-Edwin Land, inventor of the Polaroid camera, circa 1932; After spending a semester in Australia on a “study abroad” program through Harvard, Land became fascinated with the Australian Aborigine’s belief that a photograph could actually steal a portion of a person’s soul.  Secretly, Land took to this belief himself and devoted much of his career to developing his soul stealing technology.  His crowning achievement was the public release of his instant develop Polaroid camera in late 1948 (Land had lobbied to name the camera the “Soul Swapper 5000” but was voted down by the company’s board of directors).  Upon his death in 1991, it is rumored that his personal assistant discovered his “collection of souls”, which consisted of over 5 million Polaroids of complete strangers.  His assistant promptly had them all shredded to avoid Land being dubbed “a real creeper” in the public’s mind. (Fun sub-fact:  Land’s personal assistant was actually a man named Ed Roland, who would later become the leader singer for the band Collective Soul.)

J.K. Rowling

“If you want to see the true measure of a man, watch how he treats his inferiors, not his equals.  If you want to see the true measure of a wizard, watch how he treats his house elves. Rest in peace, Dobby, I love you.”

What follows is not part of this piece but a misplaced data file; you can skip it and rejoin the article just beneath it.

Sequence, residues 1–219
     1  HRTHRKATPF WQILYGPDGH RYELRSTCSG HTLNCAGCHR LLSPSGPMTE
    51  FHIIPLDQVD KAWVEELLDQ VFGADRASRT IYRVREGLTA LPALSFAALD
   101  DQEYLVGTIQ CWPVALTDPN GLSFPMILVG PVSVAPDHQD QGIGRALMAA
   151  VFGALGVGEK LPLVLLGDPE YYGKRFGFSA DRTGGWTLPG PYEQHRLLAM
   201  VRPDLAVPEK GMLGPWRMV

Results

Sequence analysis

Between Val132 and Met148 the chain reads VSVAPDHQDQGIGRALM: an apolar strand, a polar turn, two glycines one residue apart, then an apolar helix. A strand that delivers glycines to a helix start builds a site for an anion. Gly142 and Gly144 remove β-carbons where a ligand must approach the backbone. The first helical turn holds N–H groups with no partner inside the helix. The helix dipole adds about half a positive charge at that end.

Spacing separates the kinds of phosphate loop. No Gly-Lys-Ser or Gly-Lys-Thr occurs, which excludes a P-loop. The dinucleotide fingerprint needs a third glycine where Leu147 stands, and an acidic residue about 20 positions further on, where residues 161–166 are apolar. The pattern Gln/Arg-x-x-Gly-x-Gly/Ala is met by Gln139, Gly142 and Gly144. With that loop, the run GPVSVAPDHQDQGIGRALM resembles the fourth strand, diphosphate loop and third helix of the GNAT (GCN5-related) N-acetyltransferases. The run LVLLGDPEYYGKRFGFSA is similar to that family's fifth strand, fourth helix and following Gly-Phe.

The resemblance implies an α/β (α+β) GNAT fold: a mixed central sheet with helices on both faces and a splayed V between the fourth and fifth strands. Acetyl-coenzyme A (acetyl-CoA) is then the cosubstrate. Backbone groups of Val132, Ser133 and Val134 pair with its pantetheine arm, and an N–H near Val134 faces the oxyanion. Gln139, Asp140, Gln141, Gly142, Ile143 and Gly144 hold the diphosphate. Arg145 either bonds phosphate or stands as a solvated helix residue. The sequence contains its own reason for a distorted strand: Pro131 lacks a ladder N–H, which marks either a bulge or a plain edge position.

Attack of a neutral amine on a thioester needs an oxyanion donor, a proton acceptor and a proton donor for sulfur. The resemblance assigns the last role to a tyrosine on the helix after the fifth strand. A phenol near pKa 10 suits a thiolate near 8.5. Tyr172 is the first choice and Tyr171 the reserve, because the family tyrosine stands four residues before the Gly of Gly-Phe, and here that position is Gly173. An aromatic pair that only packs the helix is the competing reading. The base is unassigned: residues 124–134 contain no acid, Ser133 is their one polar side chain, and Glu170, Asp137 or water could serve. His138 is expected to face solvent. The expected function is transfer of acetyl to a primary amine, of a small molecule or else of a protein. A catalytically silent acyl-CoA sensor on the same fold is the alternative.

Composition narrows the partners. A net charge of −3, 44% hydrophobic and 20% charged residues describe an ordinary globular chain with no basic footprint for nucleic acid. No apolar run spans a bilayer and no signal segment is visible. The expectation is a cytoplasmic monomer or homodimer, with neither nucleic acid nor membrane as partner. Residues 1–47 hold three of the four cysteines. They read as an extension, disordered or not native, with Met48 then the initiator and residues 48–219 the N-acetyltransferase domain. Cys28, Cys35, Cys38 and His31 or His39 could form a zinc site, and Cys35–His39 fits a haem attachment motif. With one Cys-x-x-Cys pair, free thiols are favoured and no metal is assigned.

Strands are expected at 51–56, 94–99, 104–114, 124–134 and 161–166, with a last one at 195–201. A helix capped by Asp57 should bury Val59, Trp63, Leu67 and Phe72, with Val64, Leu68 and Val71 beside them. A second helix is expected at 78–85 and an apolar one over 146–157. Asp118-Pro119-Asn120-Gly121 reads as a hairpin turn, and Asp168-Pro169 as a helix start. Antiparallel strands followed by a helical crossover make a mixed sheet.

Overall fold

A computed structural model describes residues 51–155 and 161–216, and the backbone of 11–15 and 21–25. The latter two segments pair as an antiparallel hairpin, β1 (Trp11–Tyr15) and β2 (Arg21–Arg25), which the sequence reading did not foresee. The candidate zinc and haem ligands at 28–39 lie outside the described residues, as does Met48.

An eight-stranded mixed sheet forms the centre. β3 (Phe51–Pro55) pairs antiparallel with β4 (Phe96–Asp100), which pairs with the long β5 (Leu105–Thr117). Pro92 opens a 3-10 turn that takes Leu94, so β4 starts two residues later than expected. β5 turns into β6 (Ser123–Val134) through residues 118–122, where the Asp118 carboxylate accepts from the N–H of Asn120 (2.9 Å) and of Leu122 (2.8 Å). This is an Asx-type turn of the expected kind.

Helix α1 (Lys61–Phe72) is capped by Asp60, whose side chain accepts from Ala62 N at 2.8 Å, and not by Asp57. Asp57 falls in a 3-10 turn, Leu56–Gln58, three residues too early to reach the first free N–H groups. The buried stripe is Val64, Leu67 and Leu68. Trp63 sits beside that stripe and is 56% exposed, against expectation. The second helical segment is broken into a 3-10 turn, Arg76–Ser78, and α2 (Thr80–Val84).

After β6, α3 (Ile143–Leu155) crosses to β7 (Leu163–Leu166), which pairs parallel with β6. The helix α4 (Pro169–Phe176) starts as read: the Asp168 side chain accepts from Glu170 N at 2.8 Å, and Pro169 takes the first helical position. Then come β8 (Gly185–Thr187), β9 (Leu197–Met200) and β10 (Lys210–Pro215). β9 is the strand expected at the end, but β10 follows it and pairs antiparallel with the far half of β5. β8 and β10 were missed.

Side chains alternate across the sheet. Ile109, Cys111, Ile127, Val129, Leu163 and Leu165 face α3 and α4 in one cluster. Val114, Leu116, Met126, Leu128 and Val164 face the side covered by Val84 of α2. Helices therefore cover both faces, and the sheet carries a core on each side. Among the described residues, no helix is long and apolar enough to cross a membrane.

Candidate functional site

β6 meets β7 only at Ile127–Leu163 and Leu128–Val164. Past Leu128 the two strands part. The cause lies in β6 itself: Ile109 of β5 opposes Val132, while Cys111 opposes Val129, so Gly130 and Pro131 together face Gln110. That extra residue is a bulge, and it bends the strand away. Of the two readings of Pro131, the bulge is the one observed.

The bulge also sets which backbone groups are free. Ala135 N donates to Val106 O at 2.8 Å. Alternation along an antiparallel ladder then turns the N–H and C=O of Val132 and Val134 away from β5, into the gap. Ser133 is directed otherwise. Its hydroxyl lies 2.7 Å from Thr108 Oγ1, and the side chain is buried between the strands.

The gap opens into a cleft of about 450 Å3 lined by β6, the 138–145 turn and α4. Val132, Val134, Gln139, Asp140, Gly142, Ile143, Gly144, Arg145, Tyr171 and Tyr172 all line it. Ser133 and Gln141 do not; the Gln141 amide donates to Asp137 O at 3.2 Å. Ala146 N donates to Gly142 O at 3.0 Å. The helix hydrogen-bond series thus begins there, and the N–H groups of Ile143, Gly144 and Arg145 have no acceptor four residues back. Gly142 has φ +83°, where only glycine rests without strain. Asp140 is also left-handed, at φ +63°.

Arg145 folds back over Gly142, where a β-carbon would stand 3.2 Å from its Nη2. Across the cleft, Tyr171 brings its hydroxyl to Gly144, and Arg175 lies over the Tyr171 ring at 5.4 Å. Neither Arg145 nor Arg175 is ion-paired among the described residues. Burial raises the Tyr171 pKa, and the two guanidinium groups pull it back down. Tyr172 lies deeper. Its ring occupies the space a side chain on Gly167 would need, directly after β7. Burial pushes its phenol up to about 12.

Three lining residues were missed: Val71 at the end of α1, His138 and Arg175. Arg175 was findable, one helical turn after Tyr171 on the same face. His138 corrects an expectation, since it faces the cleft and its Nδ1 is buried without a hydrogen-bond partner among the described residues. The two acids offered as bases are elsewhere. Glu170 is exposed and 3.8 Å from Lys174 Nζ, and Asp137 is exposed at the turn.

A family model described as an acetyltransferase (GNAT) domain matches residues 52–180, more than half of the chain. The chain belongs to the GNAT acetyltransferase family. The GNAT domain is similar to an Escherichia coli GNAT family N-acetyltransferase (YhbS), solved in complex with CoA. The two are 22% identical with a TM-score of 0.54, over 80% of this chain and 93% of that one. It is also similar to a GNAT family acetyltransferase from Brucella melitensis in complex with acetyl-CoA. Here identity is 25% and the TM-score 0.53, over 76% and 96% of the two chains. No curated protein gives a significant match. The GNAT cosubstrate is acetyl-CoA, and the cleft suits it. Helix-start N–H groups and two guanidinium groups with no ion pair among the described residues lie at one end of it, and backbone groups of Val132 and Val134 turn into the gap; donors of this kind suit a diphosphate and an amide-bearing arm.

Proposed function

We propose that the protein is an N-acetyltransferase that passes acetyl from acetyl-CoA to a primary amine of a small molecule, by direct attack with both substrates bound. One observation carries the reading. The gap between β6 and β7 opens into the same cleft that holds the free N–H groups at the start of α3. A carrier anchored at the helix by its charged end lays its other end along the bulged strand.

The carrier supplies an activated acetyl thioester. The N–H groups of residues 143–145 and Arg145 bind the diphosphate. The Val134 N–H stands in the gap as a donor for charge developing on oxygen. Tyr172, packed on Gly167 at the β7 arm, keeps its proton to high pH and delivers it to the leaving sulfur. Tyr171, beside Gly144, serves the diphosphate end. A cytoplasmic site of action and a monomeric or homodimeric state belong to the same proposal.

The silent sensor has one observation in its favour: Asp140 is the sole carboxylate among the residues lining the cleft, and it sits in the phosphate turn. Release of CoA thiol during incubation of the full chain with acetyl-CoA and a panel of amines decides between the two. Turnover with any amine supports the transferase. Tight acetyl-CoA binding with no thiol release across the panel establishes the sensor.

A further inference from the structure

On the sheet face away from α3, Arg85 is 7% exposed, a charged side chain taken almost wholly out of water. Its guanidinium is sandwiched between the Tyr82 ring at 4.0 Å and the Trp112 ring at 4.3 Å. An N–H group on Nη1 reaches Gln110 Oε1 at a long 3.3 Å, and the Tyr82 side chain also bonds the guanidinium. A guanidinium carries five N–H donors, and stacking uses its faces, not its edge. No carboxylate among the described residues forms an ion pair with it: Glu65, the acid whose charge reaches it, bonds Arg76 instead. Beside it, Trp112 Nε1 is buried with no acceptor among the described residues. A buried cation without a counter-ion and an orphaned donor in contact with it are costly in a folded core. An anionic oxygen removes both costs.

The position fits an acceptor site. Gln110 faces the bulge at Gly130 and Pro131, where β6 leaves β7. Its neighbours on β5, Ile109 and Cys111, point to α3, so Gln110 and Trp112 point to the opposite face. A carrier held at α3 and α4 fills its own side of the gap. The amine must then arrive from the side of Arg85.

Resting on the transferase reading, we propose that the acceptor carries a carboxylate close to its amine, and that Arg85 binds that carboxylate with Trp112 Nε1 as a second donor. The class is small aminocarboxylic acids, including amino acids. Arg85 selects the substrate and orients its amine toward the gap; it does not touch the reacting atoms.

-J.K. Rowling, July 22, 2007; the first half of this quote was originally published in J.K. Rowling’s, Harry Potter And The Chamber of Secrets. She later added to the quote in a press release the day after publication of her final book in the series, Harry Potter And The Deathly Hallows.  Despite the fact she killed the character herself, Rowling was devastated by the death of Dobby the House-Elf and could not write for months after.  In tribute to her beloved Dobby, she gave a single dirty sock to every person at every book signing for a full year after.

Yoda

“Do… or do not.  Care less, I could not.”

-Yoda, excerpt from the original draft of the Star Wars: Episode V script, circa 1978; The part of Yoda was originally earmarked to be played by an aging Marlon Brando, but after multiple readings George Lucas decided it was too gritty a take on this crucial character.  To fill the role, Lucas approached his puppeteers asking for a cross between Brando and Kermit the Frog.  I think you’ll agree they hit the nail on the head.

Sir Isaac Newton

“If I have seen further than others, it is by standing upon the shoulders of giants.  If I have moved faster than others, it is by sitting on the backs of unicorns.  If I end up living longer than others, it is because I’ve boobi-trapped the underside of my bed against boogie-men.”